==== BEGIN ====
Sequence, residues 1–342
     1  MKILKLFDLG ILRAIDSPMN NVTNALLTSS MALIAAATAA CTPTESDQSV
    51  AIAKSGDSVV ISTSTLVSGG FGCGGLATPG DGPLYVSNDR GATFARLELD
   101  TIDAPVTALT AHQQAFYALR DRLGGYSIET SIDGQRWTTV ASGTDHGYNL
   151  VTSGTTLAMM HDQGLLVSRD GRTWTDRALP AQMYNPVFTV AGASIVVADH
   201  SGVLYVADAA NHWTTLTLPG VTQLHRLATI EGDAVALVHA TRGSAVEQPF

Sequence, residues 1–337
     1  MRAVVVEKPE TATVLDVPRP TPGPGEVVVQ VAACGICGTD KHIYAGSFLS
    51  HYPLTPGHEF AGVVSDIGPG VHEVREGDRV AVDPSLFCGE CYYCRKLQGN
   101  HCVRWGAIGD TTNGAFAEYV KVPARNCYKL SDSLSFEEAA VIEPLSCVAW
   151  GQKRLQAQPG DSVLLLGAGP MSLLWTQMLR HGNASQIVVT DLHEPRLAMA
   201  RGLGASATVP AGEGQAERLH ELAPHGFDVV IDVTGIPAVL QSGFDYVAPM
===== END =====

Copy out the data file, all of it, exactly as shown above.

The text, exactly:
Sequence, residues 1–342
     1  MKILKLFDLG ILRAIDSPMN NVTNALLTSS MALIAAATAA CTPTESDQSV
    51  AIAKSGDSVV ISTSTLVSGG FGCGGLATPG DGPLYVSNDR GATFARLELD
   101  TIDAPVTALT AHQQAFYALR DRLGGYSIET SIDGQRWTTV ASGTDHGYNL
   151  VTSGTTLAMM HDQGLLVSRD GRTWTDRALP AQMYNPVFTV AGASIVVADH
   201  SGVLYVADAA NHWTTLTLPG VTQLHRLATI EGDAVALVHA TRGSAVEQPF

Sequence, residues 1–337
     1  MRAVVVEKPE TATVLDVPRP TPGPGEVVVQ VAACGICGTD KHIYAGSFLS
    51  HYPLTPGHEF AGVVSDIGPG VHEVREGDRV AVDPSLFCGE CYYCRKLQGN
   101  HCVRWGAIGD TTNGAFAEYV KVPARNCYKL SDSLSFEEAA VIEPLSCVAW
   151  GQKRLQAQPG DSVLLLGAGP MSLLWTQMLR HGNASQIVVT DLHEPRLAMA
   201  RGLGASATVP AGEGQAERLH ELAPHGFDVV IDVTGIPAVL QSGFDYVAPM